Who’s to Blame?
You’re probably saying to yourself now, “but most of these truly tragic stories don’t involve hobbyists.” So what verified instances are there of aquarists impacting the environment? This is surprisingly hard to pin down. Many fish disasters are actually due to agencies instead of aquarists, including people in fisheries and aquaculture. Carp, tilapia, largemouth bass, bluegill, and Nile perch all seem like good things to introduce as new food sources (or for aquatic weed control with carp and some tilapia), until the ecosystem collapses and native species disappear. Even scientists have been responsible for introductions, including the pike killifish Belonesox belizanus, which was introduced into south Florida in the 1950s. Aquarists, however, were likely responsible for introductions of the pike killifish in central Florida and Texas. Another scientist error involved the African clawed frogs Xenopus laevis. These frogs were very useful because the females laid eggs when exposed to urine from pregnant women. As I’m sure you know pregnancy tests are much easier now, and in the 1950s these frogs lost their usefulness and were dumped just like the pike killifish were. Unfortunately, California now has to deal with threats to native amphibians and fish because of these invasive frogs.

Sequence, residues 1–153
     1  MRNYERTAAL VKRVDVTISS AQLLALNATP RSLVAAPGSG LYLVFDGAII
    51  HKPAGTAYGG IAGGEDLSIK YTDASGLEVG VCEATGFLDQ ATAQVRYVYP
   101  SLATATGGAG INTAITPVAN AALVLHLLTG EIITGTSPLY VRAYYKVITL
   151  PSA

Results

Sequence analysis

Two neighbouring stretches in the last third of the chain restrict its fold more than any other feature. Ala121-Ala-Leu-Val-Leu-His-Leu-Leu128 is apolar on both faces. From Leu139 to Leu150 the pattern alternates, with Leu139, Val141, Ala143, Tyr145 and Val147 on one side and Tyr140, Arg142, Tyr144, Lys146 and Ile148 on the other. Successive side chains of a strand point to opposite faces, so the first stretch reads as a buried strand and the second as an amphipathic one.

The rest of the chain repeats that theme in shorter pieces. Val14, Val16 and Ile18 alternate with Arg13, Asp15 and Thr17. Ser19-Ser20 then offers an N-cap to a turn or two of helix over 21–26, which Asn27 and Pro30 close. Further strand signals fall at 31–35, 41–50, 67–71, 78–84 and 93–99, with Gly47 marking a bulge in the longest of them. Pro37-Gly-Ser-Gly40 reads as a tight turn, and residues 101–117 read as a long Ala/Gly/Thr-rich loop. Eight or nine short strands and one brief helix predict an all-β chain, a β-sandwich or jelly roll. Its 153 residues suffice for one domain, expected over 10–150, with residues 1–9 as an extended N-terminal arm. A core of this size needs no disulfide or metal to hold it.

Scientists, state agencies, and accidents aside, the hobby does have to shoulder some blame. Hobbyists have been implicated—rightly or falsely—in the introduction of snakeheads, goldfish, koi, lionfish, tilapia, various cichlids, walking catfish, guppies, Caulerpa, and other species. Goldfish and koi should be no surprise, considering their hardiness in cool weather and because they are often kept outside to begin with. But the multitudes of cichlids in the hobby also have several members that are doing quite well in Florida canals. Many of these seem restricted to the canals, but this should be no cause for relief. As we know, cichlids are evolutionary whiz kids and it only takes a couple of genetic changes to allow them to move into new habitats. The Mayan cichlid “Cichlasoma” urophthalmus has moved beyond the manmade structures of canals and is now found in natural areas and even marine conditions in south Florida.
The Everglades and Florida Bay now have a new species with unknown consequences ahead. My study species, the Rio Grande (Texas) cichlid Herichthys cyanoguttatus, has been found outside of the canals in New Orleans (although it is still plentiful within those canals). I remember one day catching one in a minnow trap and looking up to see the perfectly natural and beautiful cypress swamp where the trap was set. It was a slightly disturbing moment.